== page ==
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Laugh Until You Cry (and Then Laugh Again)

a blog by Suzanne Rico, May 1, 2012

At the beginning of our third IVF try, feeling beaten by repeated miscarriages and the financial suck of infertility, my husband and I went to Palm Springs for the weekend. We thought perhaps that starting the parade of baby-making shots in a warm, stress-free environment would help us succeed. But that night, just imagine my surprise (and stress!) when we discovered that instead of grabbing the Gonal-F vial from the fridge on our way out the door, my sweet hubby had grabbed the dog’s ear medicine instead. Back he drove to LA, faster than a drug runner at the U.S. border, returning at 2 a.m. to first jab a needle into my butt cheek and then pass out cold. For the rest of the cycle, we laughed about it — and that felt good.

Laughing is about all you can do when one of the million things that can go wrong during an IVF cycle does. Laughter kept me sane during the dark hours when I was sure that every other female on the planet would get (and stay) pregnant except me. My husband and I managed to joke about expensive, high-tech add-ons like intracytoplasmic sperm injection (ICSI) (sounds like something for the Bionic Man!) and decidedly unglamorous, but necessary, fertile cervical mucous.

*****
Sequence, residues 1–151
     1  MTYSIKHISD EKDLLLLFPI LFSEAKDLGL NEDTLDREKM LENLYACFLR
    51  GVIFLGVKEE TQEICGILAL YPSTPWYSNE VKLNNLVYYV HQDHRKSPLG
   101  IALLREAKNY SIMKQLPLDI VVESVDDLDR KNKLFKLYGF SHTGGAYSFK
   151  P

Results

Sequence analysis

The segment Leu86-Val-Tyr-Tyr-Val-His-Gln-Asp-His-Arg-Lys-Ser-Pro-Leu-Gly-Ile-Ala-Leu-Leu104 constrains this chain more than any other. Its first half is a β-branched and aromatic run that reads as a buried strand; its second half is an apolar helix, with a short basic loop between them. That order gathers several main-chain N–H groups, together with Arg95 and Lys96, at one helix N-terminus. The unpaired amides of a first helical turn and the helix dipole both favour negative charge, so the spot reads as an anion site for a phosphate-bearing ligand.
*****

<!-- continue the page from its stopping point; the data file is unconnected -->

“Hey honey! I’m fertical!” I would shout to my husband, using our own short hand for this icky term. “Get in here!” And then we would giggle about how it was really more exhausting than fun to have scheduled sex five nights in a row.

Toward the end, after being caught in the vicious cycle of infertility for three years, laughter kept me from going under. I would catch myself cracking up about something my dog did or co-worker said and realize that somewhere deep inside, the old Suzanne — the old “who-gives-a-crap-if-I’m-fertile-or-not Suzanne” — still had a pulse. When I laughed, I’d feel, just for a moment, like everything was possible.

After my third miscarriage (I count the time I got pregnant with twins as two, since I lost one at 6 weeks and one at 12) I received a card in the mail from the office manager at my gynecologist’s office. On a blue background, a boy was sitting in a sliver of quarter moon with stars twinkling all around him. The caption said “Believe” in beautiful cursive letters. I sat in my kitchen staring at this shadowed child — who lived only in my imagination — and saw that he was smiling. And somehow, my belief that I would, someday, be a mother came creeping back, like a mouse trying to see if the coast was clear. That’s when it occurred to me that belief, or faith, is one of the most important things you need to survive an infertility battle. It ranks right up there with laughing out loud.


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